Int J Angiol
DOI: 10.1055/s-0041-1723942
Original Article

Functional Assessment of Coronary Artery Lesions—Old and New Kids on the Block

Prashant Patel
1  Department of Cardiology, St. Bernardine Medical Center, San Bernardino, California
2  UC Riverside School of Medicine, University of California, Riverside, California
,
Ravi Rao
1  Department of Cardiology, St. Bernardine Medical Center, San Bernardino, California
2  UC Riverside School of Medicine, University of California, Riverside, California
,
Prabhdeep Sethi
1  Department of Cardiology, St. Bernardine Medical Center, San Bernardino, California
2  UC Riverside School of Medicine, University of California, Riverside, California
,
Ashis Mukherjee
1  Department of Cardiology, St. Bernardine Medical Center, San Bernardino, California
2  UC Riverside School of Medicine, University of California, Riverside, California
,
Padmini Varadarajan
1  Department of Cardiology, St. Bernardine Medical Center, San Bernardino, California
2  UC Riverside School of Medicine, University of California, Riverside, California
,
1  Department of Cardiology, St. Bernardine Medical Center, San Bernardino, California
2  UC Riverside School of Medicine, University of California, Riverside, California
› Author Affiliations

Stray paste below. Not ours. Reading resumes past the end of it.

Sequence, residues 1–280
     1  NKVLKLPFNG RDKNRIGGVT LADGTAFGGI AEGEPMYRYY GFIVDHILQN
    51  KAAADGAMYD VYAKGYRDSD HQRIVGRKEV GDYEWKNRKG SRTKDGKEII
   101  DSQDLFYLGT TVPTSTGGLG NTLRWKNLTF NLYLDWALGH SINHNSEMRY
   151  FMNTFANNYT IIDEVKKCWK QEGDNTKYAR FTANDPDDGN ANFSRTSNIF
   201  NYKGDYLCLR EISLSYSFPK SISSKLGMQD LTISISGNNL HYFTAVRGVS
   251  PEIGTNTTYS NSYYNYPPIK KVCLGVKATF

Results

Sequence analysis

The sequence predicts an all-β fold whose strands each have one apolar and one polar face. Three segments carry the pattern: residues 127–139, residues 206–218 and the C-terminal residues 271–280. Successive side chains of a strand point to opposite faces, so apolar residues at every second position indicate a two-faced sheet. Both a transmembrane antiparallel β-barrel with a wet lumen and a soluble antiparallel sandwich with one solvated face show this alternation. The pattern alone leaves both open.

Abstract

Angiography is inaccurate in assessing functional significance of coronary lesions, and often stenoses deemed severe on angiographic assessment do not restrict coronary blood flow at rest or with maximal dilatation. Angiography-guided revascularization has not shown improvement in hard clinical outcomes in stable ischemic heart disease (SIHD). Most current guidelines for SIHD recommend invasive functional assessment of lesions to guide revascularization if prior evidence of ischemia is not available. There has been several recent advances and development of novel methods in this arena. Various contemporary clinical trials have been undertaken for validation of these indices. Here we review the physiological basis, tools, techniques, and evidence base for various invasive (resting as well as hyperemic) and noninvasive methods for functional assessment of coronary lesions. Left main stenosis, bifurcation lesions, serial stenosis, and acute coronary syndrome each causes unique disequilibrium that may affect measurements and require special considerations for accurate functional assessment.



Publication History

Publication Date:
12 February 2021 (online)

© 2021. International College of Angiology. This article is published by Thieme.

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